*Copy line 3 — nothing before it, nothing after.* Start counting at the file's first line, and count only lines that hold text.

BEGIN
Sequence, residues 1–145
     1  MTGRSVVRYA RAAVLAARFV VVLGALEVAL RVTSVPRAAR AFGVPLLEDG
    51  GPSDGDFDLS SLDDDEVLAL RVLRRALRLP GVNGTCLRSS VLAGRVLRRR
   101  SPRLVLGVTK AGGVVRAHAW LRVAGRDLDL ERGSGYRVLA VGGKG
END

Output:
    51  GPSDGDFDLS SLDDDEVLAL RVLRRALRLP GVNGTCLRSS VLAGRVLRRR